Back when the Arctic was a swamp — about 53 million years ago — it was home to a flightless bird with a head the size of a horse’s. This strange creature is described in a recent study from the journal Scientific Reports.

Researchers don’t have all that much to go on: Their study is based on a single toe bone found on Ellesmere Island back in the 1970s. But they say it’s a perfect match for toe bones from a bird known as Gastornis that lived in what's now North America around the same time period. In fact, many scientists have classified it as such since it was first found — but this is the first time the toe has been analyzed closely.

Gastornis was a big bird with an even bigger head, dwarfing the head-to-body ratio of most similar birds. There’s a long-standing debate on what they ate: Those massive heads boasted mighty powerful jaws, which led many scientists to classify them as ferocious predators. But a lack of other physical traits associated with hunting has led others to classify them as herbivores who chomped on sturdy nuts and seeds.

Quick side note: The news release on this bird — and, as a result, a lot of media outlets — keep calling it a "vegan." Animals are either herbivores, carnivores or omnivores. They don't sit around making cheese, so if they eat nuts and seeds and don't eat meat or prey upon the eggs of other animals, they're herbivores. Sorry, vegans! 

Another bird previously found in North America — Presbyornis, which looked like a duck with the long legs of a crane — now has a confirmed presence in the Arctic, as well. The evidence is again quite scant, coming only from a single upper-wing bone found at the same time as the Gastornis toe. But a close examination suggests that the wing belongs to a bird from this group.

"I couldn't tell the Wyoming specimens from the Ellesmere specimen, even though it was found roughly 4,000 kilometers (2,500 miles) to the north," study co-author Thomas Stidham of the Chinese Academy of Sciences said in a statement.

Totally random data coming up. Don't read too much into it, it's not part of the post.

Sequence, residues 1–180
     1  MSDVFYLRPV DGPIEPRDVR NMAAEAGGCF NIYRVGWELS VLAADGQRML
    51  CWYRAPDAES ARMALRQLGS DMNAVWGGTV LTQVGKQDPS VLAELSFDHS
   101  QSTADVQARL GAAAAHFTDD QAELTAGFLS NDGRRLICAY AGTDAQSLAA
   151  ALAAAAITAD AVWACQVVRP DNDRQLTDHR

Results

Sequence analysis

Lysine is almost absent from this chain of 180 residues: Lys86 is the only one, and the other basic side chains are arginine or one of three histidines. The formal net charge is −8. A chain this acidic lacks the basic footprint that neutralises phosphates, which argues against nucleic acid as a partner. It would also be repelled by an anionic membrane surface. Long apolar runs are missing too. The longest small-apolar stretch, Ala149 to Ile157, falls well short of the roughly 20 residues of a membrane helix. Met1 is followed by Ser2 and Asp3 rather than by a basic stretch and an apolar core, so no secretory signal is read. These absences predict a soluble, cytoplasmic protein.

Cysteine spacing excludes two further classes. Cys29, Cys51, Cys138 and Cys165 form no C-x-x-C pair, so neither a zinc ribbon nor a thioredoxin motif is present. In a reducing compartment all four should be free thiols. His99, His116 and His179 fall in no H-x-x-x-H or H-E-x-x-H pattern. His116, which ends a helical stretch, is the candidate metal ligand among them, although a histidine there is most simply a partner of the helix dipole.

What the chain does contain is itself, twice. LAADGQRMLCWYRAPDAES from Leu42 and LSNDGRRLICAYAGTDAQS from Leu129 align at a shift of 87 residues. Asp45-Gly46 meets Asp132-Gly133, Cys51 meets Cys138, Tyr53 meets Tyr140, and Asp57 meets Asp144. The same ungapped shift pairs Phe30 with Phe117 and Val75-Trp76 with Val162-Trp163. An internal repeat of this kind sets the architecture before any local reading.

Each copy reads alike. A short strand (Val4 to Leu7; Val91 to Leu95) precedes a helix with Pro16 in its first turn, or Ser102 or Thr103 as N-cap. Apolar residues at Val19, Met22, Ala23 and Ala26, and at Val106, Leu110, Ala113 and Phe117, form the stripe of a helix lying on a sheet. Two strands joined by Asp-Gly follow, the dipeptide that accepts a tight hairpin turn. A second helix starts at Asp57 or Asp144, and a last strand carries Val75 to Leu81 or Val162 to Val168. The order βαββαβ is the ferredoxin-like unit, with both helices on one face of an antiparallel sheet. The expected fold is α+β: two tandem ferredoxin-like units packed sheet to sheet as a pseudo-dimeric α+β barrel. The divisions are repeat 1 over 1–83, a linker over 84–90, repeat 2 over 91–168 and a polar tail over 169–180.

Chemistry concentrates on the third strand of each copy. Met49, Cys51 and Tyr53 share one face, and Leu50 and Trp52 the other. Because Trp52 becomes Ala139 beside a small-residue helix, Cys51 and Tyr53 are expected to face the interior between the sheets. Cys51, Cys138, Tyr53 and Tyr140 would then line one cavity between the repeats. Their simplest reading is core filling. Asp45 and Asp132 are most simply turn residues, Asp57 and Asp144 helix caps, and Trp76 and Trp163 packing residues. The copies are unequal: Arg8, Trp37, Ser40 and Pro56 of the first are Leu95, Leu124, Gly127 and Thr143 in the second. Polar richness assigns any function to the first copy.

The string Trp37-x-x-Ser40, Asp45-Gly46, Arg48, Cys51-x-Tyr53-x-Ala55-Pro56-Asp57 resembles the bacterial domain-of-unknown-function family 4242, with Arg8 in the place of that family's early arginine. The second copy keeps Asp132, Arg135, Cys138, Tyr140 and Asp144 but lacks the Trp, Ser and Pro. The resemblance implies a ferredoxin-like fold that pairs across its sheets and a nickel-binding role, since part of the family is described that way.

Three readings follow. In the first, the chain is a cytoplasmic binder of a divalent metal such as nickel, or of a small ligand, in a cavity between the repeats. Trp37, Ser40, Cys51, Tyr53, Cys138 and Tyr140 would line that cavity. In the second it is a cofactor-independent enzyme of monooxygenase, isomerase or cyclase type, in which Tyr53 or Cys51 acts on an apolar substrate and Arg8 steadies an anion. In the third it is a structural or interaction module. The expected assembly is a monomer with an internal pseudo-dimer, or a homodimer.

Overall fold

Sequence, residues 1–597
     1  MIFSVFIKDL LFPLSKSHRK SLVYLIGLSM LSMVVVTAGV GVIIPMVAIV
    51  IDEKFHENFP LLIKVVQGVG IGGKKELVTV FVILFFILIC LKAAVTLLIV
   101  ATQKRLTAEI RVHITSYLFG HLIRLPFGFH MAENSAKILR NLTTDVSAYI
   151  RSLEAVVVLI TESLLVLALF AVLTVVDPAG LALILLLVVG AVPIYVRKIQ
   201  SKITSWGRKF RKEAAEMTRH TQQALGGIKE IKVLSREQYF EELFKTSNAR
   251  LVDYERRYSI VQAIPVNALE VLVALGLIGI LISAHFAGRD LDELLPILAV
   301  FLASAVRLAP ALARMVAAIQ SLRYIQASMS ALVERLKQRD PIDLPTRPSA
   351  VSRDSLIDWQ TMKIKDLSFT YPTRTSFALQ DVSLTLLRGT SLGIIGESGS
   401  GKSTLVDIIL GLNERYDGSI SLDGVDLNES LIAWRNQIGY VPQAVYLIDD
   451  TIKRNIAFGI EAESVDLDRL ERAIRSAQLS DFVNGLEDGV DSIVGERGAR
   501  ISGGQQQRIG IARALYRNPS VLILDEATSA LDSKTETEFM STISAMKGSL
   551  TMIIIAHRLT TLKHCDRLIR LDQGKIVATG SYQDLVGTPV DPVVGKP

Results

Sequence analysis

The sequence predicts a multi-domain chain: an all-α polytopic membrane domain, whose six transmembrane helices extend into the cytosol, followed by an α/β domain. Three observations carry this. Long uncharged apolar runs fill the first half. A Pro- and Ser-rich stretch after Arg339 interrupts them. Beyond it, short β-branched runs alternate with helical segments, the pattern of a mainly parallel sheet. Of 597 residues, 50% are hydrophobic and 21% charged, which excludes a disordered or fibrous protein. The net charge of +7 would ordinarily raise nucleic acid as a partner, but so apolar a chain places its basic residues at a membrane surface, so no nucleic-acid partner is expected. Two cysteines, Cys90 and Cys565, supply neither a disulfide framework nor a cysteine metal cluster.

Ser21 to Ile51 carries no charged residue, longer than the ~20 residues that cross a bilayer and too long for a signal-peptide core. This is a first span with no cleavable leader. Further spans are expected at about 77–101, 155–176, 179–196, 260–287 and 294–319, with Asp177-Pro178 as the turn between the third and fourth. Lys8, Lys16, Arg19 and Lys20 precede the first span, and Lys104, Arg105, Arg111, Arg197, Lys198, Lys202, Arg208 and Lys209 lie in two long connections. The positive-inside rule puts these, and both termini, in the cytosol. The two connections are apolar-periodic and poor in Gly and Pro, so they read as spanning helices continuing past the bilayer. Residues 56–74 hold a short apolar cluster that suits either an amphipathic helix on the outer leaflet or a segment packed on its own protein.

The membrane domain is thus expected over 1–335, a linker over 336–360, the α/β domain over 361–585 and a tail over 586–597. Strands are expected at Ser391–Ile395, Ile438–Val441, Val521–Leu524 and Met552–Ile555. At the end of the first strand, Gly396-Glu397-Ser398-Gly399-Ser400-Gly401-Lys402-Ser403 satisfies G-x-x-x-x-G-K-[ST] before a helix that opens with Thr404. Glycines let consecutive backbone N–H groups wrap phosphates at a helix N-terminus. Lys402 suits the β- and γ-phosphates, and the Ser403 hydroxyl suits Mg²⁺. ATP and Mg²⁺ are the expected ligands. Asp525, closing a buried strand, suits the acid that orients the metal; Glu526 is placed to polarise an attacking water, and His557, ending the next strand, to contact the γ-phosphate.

The researchers aren’t sure how the birds got to be in both places. The Arctic was quite warm 53 million years ago — similar to cypress swamps found in the southeastern United States today — but living above the Arctic Circle still meant very little sunlight, with months-long stretches in the dark. It's possible that these birds and others dealt with the dark months by migrating south. There are modern birds that spend their entire year in the Arctic today, even given its chilly weather. But there are many more that fly south to escape the dark.

As the climate shifts, the researchers suggest in their study, it’s possible that this kind of migration will become more common again. Perhaps more species of birds will be able to thrive in the average temperatures of the Arctic Circle, but will still need to seek sunnier shores come winter. That kind of movement will affect ecosystems in both the Arctic and in the areas these birds fly to for their winter holiday.

"Permanent Arctic ice, which has been around for millennia, is on track to disappear," co-author Jaelyn Eberle of the University of Colorado said in a statement. "I'm not suggesting there will be a return of alligators and giant tortoises to Ellesmere Island any time soon. But what we know about past warm intervals in the Arctic can give us a much better idea about what to expect in terms of changing plant and animal populations there in the future."

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